Online Faculty Receive Paragon Award for Excellence in Teaching
Two faculty members share honor for 2018-19 year
OXFORD, Miss. – How do you make an online course as engaging as a live class and create an authentic learning experience for students outside a traditional classroom setting? The University of Mississippi Office of Academic Outreach works to highlight faculty members who are crafting online classes around these criteria each year.
In its ninth year, the annual Paragon Award for Excellence in Distant Teaching honors the efforts of online faculty members who are exhibiting outstanding practice in course design, student engagement and a strong commitment to providing students with a quality education.
"Online classes are in high demand at UM," said Tony Ammeter, associate provost for the Division of Outreach and Continuing Education, speaking March 21 at the Paragon Award ceremony at the university's Jackson Avenue Center.
"There is a consistent growth of 30 (percent) to 40 percent in online student bookings each semester."
The award committee reviewed 23 nominations, the most ever for this award, said April Thompson, director of the Office of Academic Outreach that houses Ole Miss Online. In fact, the competition for the top spot was so tight that for the first time ever, the award committee decided to call it a tie, she said.
Sheena Boran, an instructor in the Department of Writing and Rhetoric, and Jason Solinger, associate professor of English, were named joint recipients of this year's award.
Although they teach in different departments, they have a special connection. Solinger served as a mentor to Boran while she was working on her doctorate in English at Ole Miss starting in 2008.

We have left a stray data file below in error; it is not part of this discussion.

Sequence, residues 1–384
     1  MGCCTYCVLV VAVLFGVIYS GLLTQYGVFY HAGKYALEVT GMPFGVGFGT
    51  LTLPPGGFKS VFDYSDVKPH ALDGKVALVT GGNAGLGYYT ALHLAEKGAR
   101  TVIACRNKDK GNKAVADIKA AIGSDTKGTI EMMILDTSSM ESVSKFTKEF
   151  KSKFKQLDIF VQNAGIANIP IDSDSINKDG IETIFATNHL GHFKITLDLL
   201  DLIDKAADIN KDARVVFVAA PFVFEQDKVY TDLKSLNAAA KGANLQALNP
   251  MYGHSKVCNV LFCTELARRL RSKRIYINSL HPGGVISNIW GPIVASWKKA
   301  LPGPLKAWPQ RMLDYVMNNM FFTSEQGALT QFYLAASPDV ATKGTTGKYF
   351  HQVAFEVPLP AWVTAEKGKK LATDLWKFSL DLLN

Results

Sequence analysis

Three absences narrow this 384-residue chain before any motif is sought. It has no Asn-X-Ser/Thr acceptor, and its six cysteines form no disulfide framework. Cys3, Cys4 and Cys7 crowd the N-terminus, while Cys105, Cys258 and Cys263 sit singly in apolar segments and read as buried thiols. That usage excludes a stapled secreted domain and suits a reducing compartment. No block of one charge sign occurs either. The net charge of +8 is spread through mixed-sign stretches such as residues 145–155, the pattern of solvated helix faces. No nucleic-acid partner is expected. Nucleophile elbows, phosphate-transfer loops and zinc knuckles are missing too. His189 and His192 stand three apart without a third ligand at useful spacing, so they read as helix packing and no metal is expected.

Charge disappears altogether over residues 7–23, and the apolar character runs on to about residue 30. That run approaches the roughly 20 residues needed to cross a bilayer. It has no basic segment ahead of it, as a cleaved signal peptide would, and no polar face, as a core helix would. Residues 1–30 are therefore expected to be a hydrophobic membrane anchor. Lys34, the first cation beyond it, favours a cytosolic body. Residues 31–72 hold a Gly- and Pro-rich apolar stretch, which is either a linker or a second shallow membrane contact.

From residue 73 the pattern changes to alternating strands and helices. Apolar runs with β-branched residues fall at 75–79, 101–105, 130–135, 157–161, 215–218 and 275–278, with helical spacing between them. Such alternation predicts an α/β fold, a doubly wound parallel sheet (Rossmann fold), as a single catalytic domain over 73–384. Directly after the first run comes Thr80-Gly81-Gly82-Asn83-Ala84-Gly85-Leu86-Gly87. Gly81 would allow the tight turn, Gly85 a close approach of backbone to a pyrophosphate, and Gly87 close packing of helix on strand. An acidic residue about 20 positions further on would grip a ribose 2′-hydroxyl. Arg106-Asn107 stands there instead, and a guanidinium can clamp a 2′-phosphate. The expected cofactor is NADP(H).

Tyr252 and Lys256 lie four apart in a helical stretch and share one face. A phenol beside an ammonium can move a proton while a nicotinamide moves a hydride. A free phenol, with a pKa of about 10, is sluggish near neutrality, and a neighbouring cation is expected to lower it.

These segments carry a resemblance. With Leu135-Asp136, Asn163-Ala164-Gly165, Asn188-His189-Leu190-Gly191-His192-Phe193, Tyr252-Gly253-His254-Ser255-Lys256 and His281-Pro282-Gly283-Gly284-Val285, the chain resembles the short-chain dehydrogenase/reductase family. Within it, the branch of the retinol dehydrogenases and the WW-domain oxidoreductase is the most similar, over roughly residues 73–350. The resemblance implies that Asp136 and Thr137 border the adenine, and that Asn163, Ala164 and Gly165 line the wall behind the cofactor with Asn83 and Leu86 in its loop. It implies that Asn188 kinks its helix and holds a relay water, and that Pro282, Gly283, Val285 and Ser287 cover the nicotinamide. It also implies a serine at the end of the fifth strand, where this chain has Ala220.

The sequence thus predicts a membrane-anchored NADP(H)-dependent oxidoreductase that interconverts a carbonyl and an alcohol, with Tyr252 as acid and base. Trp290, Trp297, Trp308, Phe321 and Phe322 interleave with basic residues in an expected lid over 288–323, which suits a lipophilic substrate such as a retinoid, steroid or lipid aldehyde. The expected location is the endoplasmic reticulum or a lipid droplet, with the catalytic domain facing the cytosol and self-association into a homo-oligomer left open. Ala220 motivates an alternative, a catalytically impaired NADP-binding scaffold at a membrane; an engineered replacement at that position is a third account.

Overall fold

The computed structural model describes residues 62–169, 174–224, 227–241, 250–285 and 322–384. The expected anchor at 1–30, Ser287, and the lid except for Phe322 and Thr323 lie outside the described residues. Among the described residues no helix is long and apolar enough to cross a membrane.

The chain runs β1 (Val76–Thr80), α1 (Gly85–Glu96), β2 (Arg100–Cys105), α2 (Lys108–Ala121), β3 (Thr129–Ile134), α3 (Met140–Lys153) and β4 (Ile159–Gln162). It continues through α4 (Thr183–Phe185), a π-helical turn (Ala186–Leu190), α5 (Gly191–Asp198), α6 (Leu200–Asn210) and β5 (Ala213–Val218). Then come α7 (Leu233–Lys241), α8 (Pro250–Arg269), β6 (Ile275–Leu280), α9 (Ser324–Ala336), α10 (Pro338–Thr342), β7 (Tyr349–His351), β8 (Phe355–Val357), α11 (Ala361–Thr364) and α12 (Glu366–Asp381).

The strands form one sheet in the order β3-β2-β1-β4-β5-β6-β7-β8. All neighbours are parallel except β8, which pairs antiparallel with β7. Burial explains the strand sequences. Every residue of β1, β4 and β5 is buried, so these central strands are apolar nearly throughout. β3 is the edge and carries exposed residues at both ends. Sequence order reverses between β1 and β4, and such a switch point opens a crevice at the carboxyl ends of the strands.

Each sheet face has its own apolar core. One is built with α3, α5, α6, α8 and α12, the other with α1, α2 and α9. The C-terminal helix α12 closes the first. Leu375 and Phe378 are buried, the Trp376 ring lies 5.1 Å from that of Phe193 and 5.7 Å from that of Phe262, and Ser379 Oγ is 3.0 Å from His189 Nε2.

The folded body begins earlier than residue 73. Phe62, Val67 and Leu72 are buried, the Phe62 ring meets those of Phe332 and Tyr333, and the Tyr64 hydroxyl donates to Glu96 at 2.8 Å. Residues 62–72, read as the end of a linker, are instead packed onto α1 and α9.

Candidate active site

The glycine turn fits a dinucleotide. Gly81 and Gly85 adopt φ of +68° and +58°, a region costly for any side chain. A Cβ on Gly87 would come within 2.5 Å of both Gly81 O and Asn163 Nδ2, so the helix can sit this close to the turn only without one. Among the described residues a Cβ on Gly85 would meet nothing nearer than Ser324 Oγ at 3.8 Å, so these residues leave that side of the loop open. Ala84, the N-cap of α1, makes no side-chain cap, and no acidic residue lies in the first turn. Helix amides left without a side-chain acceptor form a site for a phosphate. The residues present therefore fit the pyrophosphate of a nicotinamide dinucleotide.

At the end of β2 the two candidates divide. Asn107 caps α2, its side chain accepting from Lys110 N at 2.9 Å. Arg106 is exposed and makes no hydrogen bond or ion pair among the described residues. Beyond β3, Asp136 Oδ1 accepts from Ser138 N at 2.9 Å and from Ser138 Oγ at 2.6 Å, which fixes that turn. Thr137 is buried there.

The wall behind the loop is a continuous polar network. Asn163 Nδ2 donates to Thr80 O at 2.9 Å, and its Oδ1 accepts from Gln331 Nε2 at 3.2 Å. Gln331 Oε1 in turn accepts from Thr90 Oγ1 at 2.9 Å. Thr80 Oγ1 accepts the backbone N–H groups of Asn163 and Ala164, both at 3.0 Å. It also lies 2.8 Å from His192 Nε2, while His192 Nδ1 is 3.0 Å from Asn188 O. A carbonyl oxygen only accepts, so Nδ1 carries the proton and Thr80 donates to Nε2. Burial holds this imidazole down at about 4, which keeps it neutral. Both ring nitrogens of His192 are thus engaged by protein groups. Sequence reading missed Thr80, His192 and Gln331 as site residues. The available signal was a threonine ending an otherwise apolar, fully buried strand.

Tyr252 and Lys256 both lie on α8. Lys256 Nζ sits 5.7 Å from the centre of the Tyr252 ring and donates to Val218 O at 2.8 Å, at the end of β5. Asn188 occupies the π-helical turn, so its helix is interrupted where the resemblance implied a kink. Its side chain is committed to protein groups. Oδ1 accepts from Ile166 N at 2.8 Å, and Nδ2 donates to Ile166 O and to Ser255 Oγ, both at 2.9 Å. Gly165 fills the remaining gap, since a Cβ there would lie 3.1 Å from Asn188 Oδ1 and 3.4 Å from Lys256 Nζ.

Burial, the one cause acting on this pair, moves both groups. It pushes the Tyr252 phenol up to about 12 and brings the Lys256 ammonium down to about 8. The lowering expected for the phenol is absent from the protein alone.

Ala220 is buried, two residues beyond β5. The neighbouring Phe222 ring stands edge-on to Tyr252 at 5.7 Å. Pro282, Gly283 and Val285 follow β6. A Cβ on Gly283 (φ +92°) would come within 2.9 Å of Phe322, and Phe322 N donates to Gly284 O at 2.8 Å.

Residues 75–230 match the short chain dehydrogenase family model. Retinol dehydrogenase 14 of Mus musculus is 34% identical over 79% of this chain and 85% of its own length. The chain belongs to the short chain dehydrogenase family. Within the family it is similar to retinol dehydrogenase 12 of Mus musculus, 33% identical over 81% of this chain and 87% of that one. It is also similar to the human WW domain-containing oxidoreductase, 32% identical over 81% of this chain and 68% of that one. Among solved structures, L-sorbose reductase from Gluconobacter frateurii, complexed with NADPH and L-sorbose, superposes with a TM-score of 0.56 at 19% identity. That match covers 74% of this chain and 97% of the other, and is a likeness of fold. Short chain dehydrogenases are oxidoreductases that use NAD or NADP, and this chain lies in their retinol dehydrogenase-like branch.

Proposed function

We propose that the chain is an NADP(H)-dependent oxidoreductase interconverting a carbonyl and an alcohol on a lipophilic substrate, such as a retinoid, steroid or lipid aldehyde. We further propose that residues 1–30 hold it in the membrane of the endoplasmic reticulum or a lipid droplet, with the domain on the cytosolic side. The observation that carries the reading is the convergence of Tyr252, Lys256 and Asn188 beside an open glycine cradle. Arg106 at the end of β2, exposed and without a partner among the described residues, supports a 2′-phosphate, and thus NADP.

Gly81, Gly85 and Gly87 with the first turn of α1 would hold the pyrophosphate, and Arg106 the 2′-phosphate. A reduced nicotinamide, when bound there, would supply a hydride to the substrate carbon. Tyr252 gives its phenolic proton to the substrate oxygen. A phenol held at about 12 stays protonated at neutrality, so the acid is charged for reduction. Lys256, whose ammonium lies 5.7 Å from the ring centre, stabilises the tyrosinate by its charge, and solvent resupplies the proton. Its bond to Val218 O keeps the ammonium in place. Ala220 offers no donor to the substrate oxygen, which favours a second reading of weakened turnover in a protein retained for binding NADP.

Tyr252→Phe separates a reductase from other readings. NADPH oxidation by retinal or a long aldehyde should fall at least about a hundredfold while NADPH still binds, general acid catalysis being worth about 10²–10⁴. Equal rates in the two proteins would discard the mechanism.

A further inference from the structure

"It's interesting how things come back around," Boran said. "Jason is a great teacher, and I am glad to have learned from him."
Boran teaches Writing 250: Advanced Composition online for the university's writing and rhetoric department. She serves on a curriculum committee for this course that has worked for the past three years to incorporate new tools and rubrics to help students in the writing process.
"It's such an important class that teaches research writing in academic disciplines," Boran said. "We wanted to make it a strong, useful class for students."
Boran says her teaching philosophy is simple: keep changing it up.
"This online course continues to change as I learn what strategies work best for students," she said. "I regularly discover new tools to support my students' learning. It changes every semester based on what I observe in my students' work and the feedback they offer."
An example of this is the elimination of video lectures in the course.
"I enabled tracking statistics on the videos I posted about the writing process, and I could see that the students just weren't watching them," Boran said. "Materials are only good if the students actually use them."
She said that she has since eliminated video content, relying instead on text-based documents with screen shots.